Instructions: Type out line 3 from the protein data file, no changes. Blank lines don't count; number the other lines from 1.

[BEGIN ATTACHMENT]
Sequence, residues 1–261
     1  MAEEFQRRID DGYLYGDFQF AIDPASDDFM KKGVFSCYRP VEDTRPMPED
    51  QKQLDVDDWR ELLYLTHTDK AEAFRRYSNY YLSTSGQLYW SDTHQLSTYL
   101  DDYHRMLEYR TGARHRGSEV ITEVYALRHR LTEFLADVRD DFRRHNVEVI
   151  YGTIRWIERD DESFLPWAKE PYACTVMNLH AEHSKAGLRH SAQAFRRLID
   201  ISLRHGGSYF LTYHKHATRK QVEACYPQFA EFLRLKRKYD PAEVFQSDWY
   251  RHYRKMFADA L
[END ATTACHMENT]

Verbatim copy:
    51  QKQLDVDDWR ELLYLTHTDK AEAFRRYSNY YLSTSGQLYW SDTHQLSTYL